Failure to Protect
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What is the proper balance between saving a child and destroying a family? In a two-part series, "Failure to Protect," FRONTLINE probes the complexities and difficulties in trying to answer that question through a remarkable behind-the-scenes look at Maine's child protective services.

Part One, "The Taking of Logan Marr," tells the tragic story of a young girl who was killed while in state custody. On Jan. 31, 2001, 5-year-old Logan Marr was found dead in her foster mother's home in Chelsea, Maine. The foster mother, Sally Schofield, was a highly respected former caseworker for Maine's Department of Human Services (DHS). She would later be convicted of manslaughter after police determined that Logan had died from asphyxiation in Sally's basement, where she had been bound with duct tape and strapped into a high chair.

The death of Logan Marr prompted public outrage. Why did the state remove Logan from her mother, Christy Marr, when there was no evidence of physical or sexual abuse? Did the DHS move too quickly to terminate Christy's parental rights? And did it fail to heed warning signs that Logan was in danger?

Through extensive interviews with the parties involved -- including an exclusive interview with Sally Schofield -- the one-hour documentary investigates the events that led to Logan's death. It also tells the story of the two women locked in a battle over Logan: Christy, who fought to prove to DHS that she should have her daughter back, and Sally, who remained determined to adopt Logan, even as she struggled to control the troubled child. Through their stories, "The Taking of Logan Marr" casts light on a system that is almost always cloaked in secrecy: state child protective services.

"The termination of a parent's rights to their child is one of the most drastic decisions the state is called upon to make -- yet it does so with little or no public scrutiny," says Barak Goodman, who co-produced the documentary with his wife, Rachel Dretzin, and Muriel Soenens. "The system is almost always shrouded by confidentiality agreements and privacy laws."

While senior DHS officials in Maine declined to be interviewed about the Logan Marr case, they did make an unprecedented offer -- they would allow FRONTLINE's producers to film their normally confidential child protective system from the inside for more than four months. The result is Part Two of the "Failure to Protect" series: a one-hour documentary called "The Caseworker Files."

"The Caseworker Files" follows a small set of caseworkers as they interact with families and each other and have to confront some excruciating dilemmas and choices: Who decides when a child should be removed from her parents? When should parents lose the right to raise their own child? And how much damage might we do to children in the name of helping them?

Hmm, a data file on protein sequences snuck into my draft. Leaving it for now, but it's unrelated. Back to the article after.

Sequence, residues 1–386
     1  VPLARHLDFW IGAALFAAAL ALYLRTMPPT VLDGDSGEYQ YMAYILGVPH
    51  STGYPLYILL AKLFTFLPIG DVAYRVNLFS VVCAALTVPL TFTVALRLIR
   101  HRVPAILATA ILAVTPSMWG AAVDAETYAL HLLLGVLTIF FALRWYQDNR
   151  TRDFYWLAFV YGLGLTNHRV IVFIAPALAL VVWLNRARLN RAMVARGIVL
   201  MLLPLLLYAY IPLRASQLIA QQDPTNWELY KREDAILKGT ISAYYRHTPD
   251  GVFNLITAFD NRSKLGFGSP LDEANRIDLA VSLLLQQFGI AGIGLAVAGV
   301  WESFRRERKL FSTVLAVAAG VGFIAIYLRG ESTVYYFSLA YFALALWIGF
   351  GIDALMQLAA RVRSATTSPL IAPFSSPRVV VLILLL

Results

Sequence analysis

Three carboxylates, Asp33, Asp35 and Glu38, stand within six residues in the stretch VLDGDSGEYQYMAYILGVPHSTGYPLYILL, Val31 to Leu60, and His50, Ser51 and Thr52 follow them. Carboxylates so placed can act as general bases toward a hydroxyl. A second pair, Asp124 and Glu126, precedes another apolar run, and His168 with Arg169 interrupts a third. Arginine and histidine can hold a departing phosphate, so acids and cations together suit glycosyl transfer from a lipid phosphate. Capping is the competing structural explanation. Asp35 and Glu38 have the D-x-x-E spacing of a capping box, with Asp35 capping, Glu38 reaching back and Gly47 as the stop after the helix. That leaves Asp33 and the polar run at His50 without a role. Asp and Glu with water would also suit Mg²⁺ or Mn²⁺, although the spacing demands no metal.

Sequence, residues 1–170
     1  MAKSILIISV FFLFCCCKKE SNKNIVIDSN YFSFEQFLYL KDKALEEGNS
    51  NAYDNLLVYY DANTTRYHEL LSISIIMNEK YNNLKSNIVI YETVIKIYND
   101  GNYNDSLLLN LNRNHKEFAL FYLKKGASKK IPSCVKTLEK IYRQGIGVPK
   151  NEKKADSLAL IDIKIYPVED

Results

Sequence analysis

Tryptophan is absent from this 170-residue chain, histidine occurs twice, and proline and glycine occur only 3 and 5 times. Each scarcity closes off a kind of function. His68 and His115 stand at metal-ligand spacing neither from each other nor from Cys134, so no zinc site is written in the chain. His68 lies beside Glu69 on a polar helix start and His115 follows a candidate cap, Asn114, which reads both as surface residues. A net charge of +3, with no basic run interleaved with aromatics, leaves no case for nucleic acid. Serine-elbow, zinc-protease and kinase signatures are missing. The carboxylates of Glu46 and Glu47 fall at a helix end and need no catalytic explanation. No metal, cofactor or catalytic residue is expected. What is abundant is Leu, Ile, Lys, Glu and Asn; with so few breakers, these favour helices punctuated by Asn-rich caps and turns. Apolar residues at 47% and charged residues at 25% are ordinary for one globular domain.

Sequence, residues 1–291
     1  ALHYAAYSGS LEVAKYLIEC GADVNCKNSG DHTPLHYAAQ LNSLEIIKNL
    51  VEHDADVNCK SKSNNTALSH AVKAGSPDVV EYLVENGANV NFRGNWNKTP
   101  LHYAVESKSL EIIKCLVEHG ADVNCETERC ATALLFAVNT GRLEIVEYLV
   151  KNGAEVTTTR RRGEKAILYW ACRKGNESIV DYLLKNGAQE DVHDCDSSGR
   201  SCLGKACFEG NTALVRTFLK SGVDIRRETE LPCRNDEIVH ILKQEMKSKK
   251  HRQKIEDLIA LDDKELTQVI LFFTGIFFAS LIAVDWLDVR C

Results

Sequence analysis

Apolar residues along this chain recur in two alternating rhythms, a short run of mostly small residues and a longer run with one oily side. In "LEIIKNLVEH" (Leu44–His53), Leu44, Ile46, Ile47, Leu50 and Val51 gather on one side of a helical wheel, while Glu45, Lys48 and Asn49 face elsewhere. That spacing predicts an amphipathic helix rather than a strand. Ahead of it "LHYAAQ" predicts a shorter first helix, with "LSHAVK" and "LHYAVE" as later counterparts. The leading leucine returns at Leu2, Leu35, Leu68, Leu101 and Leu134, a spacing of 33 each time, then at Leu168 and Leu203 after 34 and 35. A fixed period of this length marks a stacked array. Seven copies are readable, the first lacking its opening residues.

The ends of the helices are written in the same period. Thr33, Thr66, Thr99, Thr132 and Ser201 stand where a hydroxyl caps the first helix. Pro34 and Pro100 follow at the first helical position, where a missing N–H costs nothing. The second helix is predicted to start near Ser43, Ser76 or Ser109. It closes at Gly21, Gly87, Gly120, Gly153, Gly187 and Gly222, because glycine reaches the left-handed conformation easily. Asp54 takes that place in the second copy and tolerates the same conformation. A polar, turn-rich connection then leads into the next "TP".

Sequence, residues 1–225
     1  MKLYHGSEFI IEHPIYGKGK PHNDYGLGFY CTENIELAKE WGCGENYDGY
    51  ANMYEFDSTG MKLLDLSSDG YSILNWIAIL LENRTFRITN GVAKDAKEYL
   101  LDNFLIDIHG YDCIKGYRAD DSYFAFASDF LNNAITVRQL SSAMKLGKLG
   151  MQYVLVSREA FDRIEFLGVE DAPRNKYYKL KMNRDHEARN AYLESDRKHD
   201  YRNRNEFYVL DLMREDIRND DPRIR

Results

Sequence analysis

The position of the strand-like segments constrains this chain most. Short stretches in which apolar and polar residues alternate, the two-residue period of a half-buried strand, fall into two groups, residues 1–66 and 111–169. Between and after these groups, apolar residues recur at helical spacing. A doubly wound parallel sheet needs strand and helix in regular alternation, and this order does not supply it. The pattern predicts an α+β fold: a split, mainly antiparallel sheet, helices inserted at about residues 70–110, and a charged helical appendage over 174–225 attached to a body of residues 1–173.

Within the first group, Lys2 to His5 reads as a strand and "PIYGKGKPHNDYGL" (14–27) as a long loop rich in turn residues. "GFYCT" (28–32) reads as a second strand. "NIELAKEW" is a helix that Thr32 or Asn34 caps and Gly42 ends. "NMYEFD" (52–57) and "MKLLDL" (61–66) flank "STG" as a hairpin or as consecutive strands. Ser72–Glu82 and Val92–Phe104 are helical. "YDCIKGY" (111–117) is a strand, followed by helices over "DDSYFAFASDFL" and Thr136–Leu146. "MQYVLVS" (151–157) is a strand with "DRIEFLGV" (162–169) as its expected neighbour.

"We found a system where caseworkers, many of whom are relatively inexperienced, struggle under heavy caseloads as an ever-increasing number of children are placed in foster care," says Goodman. "We also found angry and resentful parents who feel that their children are being taken away from them before they've been given a fair chance to improve things."

"The Caseworker Files" reveals a child welfare system that in recent years has undergone a major philosophical shift. Whereas once the emphasis was placed on trying to eventually reunite children with their biological parents -- a policy that often left children languishing in foster care for years -- state and federal guidelines now favor fast-tracking adoption of children in foster care, a move that requires the state to terminate the biological parents' rights.

Viewers meet caseworkers like 23-year-old Shaleigh Anthony. Armed with a bachelor's degree and five weeks of training, Anthony has been assigned her first case involving serious allegations of neglect. The film also follows experienced caseworkers like David Greeley, who must remove 10-year-old Matthew from his father, Keith, after receiving a report that Keith punched, dragged, and choked the boy. When viewers first see Matthew, he is sobbing uncontrollably at the hospital. For Greeley, it's an all too familiar scene. "That's the heartbreak," he says. "This boy is in there, heartbroken, crying for his dad and it's not his fault. It's not a smooth system, and it traumatizes everybody."

Following the broadcast of "The Caseworker Files," FRONTLINE joins with the Fred Friendly Seminars in the televised "A National Dialogue." Done in collaboration with Columbia University's Institute for Child and Family Policy, "A National Dialogue" features panelists -- including child welfare experts and advocates -- who share their reactions to hypothetical scenarios that help illuminate the complex and difficult decisions made every day by workers and policymakers in the child welfare system. Streaming video of the discussion will be available on this website beginning Feb. 10, 2003. [For more information about "Failure to Protect: A National Dialogue," see the press release.]

NOTE: In addition to the televised panel, FRONTLINE hosted a symposium on child welfare policy in collaboration with Columbia University's School of Social Work and its Institute for Child and Family Policy. Two panels of national experts convened to talk about the many reform efforts underway across the nation, as well as the effects of the Adoption and Safe Families Act of 1997. Transcripts of their discussions are available here.

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